On the 17th of March 1861, with the proclamation of a unified kingdom and after decades of wars, Italy became a nation. On the 12th of April of the same year, on the other side of the ocean, the American Civil War began. A handful of weeks after that first, date and shortly before Italian volunteers sailed across the Atlantic to participate to the Civil War, Italy and the United States established an official diplomatic bond. It was 160 years ago.
“This solemn anniversary offers the occasion to celebrate the ancient and vital bond of friendship between our two countries and our two people. As allies, we work every day side by side to protect peace and safety around the world, to fight climate change and the pandemic, to promote human rights, equality and prosperity. Our solid democracies are rooted in common values and our societies enjoy a continuous, fruitful exchange in many areas of culture and science, from innovation to technology. And our wonderful communities have an essential role in strengthening a relationship made so special by their very existence.”
These are the words of Italian Ambassador Armando Varricchio, in a video message published the past 17th of March, when he announced the initiatives which will be dedicated, through the year, to the celebration of this important anniversary. They will involve all the areas where Italy and the United States share work and connections: history and politics, arts, music and cinema, literature and language, innovation and technology, science and space, economy. A new website, www.italyus160.org has launched to celebrate “the past, the present and the future of the friendship between Italy and the USA.” Here, a video-guestbook collects the messages of Italian, American and Italian-American personalities, all offering their own testimony about the importance of the relationship between Italy and the US.
The institutional meeting between the two countries sees the presence in Washington of Italy’s minister of Foreign Affairs Luigi Di Maio, first among the world’s foreign ministers to meet the new Biden Administration. But there is more, as the program includes also an economic-industrial forum, concerts, exhibitions and events dedicated to innovation and AI, as well as the valorization of the Italian collectivity in the US and cinema. There’ll be events dedicated to space collaboration and to leading sectors such as food and agriculture, fashion and mechanics. Attention will also be given to themes like climate, the environment and the development of new energy sources; the protection of the archeological patrimony and the support of young researchers in the most advanced technological fields.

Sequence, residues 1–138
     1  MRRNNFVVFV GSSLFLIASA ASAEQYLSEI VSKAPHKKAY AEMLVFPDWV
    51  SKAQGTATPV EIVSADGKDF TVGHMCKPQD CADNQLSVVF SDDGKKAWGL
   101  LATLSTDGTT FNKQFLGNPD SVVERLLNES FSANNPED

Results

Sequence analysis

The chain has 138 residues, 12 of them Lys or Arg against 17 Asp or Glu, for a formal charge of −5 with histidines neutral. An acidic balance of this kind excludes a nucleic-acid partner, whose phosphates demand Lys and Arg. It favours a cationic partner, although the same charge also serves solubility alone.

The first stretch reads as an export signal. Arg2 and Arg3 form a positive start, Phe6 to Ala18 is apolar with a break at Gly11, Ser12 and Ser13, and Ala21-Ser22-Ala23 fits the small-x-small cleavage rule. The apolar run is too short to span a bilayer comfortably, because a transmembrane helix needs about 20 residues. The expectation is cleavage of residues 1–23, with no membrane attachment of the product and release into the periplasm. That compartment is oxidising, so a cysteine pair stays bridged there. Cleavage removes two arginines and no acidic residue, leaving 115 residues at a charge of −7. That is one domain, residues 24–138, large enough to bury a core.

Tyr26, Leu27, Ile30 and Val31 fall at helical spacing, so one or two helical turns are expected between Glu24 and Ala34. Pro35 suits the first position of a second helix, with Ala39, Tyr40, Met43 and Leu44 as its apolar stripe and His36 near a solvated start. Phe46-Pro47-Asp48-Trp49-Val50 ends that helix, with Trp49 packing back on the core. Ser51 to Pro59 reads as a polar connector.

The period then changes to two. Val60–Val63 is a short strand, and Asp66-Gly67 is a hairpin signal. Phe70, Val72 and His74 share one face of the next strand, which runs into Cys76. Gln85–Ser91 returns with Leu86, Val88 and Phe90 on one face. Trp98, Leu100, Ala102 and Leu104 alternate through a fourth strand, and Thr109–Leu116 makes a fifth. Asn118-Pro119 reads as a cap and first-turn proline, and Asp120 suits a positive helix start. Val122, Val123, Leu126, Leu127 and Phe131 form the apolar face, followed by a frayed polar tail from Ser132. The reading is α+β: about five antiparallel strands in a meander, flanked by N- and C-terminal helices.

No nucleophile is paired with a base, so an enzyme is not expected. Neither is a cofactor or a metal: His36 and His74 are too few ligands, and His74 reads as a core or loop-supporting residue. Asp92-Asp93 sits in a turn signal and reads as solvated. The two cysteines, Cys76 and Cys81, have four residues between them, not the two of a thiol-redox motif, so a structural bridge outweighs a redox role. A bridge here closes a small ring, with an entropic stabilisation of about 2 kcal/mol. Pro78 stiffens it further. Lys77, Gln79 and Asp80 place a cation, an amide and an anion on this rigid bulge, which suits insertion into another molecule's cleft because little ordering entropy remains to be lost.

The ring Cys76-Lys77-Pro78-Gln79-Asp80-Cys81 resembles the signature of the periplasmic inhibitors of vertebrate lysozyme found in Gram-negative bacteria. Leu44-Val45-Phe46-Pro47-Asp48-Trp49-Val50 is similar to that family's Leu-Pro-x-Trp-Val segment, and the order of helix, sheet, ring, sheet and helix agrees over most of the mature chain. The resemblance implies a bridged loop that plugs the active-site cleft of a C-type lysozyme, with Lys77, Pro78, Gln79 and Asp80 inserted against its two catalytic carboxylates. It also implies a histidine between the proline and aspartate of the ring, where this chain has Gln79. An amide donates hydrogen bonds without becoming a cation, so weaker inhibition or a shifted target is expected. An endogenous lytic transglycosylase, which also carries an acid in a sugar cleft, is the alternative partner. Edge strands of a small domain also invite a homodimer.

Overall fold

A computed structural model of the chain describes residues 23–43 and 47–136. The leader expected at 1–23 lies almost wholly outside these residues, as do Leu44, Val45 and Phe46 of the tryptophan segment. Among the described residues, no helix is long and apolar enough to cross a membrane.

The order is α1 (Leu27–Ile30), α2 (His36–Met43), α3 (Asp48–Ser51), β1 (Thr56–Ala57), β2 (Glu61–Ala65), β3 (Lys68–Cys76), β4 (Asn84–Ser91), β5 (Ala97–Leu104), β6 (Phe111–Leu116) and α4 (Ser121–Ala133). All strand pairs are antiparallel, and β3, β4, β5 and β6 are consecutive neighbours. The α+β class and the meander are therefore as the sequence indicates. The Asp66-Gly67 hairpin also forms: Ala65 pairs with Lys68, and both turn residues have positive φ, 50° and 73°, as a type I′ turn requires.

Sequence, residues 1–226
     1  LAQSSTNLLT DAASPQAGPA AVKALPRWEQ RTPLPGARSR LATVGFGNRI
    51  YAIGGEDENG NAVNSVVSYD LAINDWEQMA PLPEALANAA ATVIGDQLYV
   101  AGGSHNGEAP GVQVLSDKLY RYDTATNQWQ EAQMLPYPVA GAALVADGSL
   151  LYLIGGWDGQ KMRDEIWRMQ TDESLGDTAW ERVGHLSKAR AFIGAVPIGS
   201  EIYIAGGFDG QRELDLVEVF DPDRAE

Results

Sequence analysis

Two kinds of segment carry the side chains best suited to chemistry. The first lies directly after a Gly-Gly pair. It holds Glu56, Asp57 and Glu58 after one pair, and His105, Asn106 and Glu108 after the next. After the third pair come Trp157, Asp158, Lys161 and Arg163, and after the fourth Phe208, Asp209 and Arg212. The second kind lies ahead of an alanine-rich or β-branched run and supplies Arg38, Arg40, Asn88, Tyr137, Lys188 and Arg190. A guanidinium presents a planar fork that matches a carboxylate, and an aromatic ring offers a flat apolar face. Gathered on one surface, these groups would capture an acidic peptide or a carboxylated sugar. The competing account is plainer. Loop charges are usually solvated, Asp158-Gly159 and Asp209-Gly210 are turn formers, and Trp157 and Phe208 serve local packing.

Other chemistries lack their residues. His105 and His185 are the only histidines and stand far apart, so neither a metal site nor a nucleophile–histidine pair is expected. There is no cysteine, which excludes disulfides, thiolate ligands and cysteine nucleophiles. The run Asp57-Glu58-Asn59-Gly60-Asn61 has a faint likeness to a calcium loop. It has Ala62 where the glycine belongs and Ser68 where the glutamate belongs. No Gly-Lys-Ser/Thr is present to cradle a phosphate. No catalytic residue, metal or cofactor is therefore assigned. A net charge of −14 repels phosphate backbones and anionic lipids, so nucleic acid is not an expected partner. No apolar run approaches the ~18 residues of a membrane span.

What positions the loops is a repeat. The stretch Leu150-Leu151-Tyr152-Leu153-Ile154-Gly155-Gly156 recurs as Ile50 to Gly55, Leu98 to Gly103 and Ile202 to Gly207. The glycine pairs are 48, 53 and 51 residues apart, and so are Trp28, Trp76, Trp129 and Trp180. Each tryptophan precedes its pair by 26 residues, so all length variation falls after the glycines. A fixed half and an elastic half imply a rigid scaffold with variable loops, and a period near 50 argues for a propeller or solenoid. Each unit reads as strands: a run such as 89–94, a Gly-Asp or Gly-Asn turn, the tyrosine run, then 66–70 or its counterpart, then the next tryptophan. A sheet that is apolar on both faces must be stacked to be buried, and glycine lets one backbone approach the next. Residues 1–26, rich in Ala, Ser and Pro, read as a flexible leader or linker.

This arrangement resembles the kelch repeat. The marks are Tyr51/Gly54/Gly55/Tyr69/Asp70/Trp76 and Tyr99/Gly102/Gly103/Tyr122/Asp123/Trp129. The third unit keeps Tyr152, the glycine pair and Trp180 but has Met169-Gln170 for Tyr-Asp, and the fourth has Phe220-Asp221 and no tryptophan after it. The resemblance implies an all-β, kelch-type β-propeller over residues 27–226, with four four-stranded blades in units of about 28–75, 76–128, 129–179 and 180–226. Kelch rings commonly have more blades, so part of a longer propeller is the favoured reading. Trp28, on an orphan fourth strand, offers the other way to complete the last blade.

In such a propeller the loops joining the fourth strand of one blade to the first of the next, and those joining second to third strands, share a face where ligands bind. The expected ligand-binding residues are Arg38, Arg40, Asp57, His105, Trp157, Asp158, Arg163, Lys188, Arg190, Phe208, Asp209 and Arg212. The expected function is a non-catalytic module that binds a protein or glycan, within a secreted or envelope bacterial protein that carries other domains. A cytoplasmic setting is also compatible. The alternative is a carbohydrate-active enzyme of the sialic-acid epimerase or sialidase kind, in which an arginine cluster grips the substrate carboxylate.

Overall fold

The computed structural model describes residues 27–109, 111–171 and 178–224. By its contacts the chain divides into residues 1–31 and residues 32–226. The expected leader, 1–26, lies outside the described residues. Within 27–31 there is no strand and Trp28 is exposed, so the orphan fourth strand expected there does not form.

These 160 years of connections will be “the occasion to celebrate our two countries, their long lasting friendship and the tight connections between our communities, the values we’ve always shared and the creativity we inspire in one another,” Ambassador Varricchio underlined.
Because this is the point.
Since that spring, in 1861, many connections blossomed, in all fields of life. In particular, it was community connections that flourished, ties made of people, of generations of Italians and Italian-Americans who, for longer than one century and a half, have been contributing to the social, cultural and economic growth of the US on one side, and of Italy on the other. They created a “contemporary image of a permanent flux of intellectual and professional energies, that enrich our values,” Italy’s President Sergio Mattarella said in 2019, in occasion of his most recent trip to the United States.
This is a point that L’Italo-Americano is never tired to stress. The relationship between Italy and the US is primarily made by people and of people. But it’s neither the expats, nor the “turisti di ritorno,” going to Italy to find their roots we’re talking about. It’s neither the historical immigration of the mid-19th century, that continued more or less constantly throughout the last century, nor the more recent arrivals from Italy, made of professionals, professors, economists, scientists and researchers. It’s not even the Italian-Americans. Not even the 20 million Americans with Italian origins. It’s not a matter of categories and “pieces” of society, it’s a matter of people and of their communities, of how they interconnect and seek one another, of how they meet and mix, how they say goodbye and then find themselves again. The wealth of these last 160 years lies in the inhomogeneous flux of people who commutes between two worlds: some are coming back and some are leaving; some travel back and forth and others just leave their place to someone else. It’s this interchange that generates and produces. It’s our relationship, our shared imaginary and the way we’ve been building a shared space that keeps on changing in time.